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Nadworny: Diversity and Racism

06/05/12 5:55PM By Rich Nadworny
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(Host) Recently, the superintendent of the Burlington School District released her action plan for diversity and equity. Commentator Rich Nadworny is an expert on new media and digital marketing with two children attending Burlington schools. And he's concerned that the plan faces the additional challenge of uniting a divided community.

(Nadworny) In Burlington a battle is raging at the school board and in the community over the issue of diversity. A group called Diversity Now helped author a task force report in which they argued that racism pervades the Burlington School system, based on data analysis and anecdotal evidence. They topped off the report by claiming that white middle-class Judeo-Christian culture is inherently racist.

As you can imagine that hasn't gone over so well among the mostly white middle-class teachers and parents in the school district. When one teacher pushed back and challenged the diversity task force data, he was met with an angry response and demands that he be silenced or fired.

In the latest school board meetings, the Diversity Now group has demanded that the board fire Superintendent Jeanne Collins. One speaker even compared the board and the high school administration to the KKK.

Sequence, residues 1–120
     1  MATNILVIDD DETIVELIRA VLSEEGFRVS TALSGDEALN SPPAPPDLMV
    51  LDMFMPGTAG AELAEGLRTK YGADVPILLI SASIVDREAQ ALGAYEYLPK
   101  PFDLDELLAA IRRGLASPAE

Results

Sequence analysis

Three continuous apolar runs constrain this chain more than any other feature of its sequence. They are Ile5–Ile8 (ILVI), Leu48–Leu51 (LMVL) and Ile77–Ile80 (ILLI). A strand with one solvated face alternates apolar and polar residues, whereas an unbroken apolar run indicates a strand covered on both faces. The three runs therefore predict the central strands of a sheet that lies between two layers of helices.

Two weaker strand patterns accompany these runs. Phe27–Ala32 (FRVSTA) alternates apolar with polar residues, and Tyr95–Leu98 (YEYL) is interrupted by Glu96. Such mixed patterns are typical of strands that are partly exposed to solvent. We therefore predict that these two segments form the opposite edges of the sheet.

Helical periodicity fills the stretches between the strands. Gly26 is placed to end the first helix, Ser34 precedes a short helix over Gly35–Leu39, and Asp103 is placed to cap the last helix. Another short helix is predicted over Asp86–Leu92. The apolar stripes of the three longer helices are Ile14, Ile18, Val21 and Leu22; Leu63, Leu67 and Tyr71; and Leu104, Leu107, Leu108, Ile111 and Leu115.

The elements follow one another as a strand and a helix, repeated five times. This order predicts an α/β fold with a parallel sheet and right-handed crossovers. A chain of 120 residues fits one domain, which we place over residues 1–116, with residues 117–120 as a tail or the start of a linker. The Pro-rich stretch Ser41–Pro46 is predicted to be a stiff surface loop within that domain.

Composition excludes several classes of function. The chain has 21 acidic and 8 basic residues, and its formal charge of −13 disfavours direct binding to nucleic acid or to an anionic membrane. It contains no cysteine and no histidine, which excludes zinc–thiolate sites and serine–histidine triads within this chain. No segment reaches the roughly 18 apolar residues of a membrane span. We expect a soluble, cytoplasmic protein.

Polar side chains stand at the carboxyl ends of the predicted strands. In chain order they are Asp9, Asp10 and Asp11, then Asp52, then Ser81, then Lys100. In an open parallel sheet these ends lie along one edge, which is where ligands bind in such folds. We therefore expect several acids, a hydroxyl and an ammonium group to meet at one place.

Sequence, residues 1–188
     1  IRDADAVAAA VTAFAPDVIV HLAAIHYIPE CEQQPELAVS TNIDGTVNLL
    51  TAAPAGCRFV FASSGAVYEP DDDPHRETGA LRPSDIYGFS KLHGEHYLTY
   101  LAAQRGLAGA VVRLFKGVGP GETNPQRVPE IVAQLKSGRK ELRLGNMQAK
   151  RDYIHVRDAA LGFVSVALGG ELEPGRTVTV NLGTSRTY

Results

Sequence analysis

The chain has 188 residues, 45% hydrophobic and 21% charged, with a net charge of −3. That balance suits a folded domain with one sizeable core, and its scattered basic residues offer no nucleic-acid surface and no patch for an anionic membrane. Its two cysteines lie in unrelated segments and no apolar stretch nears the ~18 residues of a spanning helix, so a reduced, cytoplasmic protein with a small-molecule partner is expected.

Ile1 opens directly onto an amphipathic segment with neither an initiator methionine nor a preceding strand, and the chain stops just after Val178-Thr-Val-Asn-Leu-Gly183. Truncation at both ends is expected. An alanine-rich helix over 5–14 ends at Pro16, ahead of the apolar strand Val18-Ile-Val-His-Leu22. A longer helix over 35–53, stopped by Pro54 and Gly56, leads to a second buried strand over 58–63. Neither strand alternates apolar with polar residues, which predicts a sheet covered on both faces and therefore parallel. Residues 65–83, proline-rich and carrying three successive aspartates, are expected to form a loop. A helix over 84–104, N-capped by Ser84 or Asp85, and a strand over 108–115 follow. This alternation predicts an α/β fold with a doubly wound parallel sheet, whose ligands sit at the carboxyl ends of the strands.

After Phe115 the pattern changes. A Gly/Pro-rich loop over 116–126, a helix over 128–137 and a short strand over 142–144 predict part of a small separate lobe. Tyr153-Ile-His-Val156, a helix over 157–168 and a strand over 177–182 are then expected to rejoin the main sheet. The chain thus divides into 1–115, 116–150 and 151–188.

In other meetings, numerous parents and teachers proclaim their support for the superintendent and the work that the schools are doing.

To be honest, I think this feels more like the infighting in Washington D.C. than it does a diversity discussion in Burlington Vermont. While we don't have a T-Party, it's starting to feel like we have a D-Party instead.

Burlington is a rapidly changing city. As a resettlement city, we welcome new Americans to our state and country, many of whom don't speak any English, including Vietnamese, Bosnians, Somalis and Nepalese, to name a few. Our schools - my kids' schools - are a racial and ethnic mixture that is spectacular to behold. It's one of the reasons many of us parents want to live here.

However, it puts tremendous pressure on our schools to integrate these new Americans while at the same time pursuing ever-higher educational standards for all.

And, yes, racism sadly does exist. But the high school teachers and students I talk with, insist that they take it seriously and act on it when it happens. I understand the anger and energy of the diversity parents. When someone treats my kids badly, especially in school, I become, to paraphrase my least favorite politician, a Papa Grizzly. When that happens, I want change, now.

That may be partly why the superintendent's diversity action plan received such a cold reception from the diversity advocates as being too little, too late.

I know that almost everyone's heart is in the right place here and that everyone wants to help the situation to get better. But the inflammatory words, the name calling and the demands for heads to roll, only serve to push us further apart from one another.

It almost seems as if we're acting in a really bad version of West Side Story where everyone sings off-key and no one can dance. All we're left with are the knives.

I can't help thinking that the kids might do a much better job of solving this than we adults are doing. I wonder if anyone's asked them yet.
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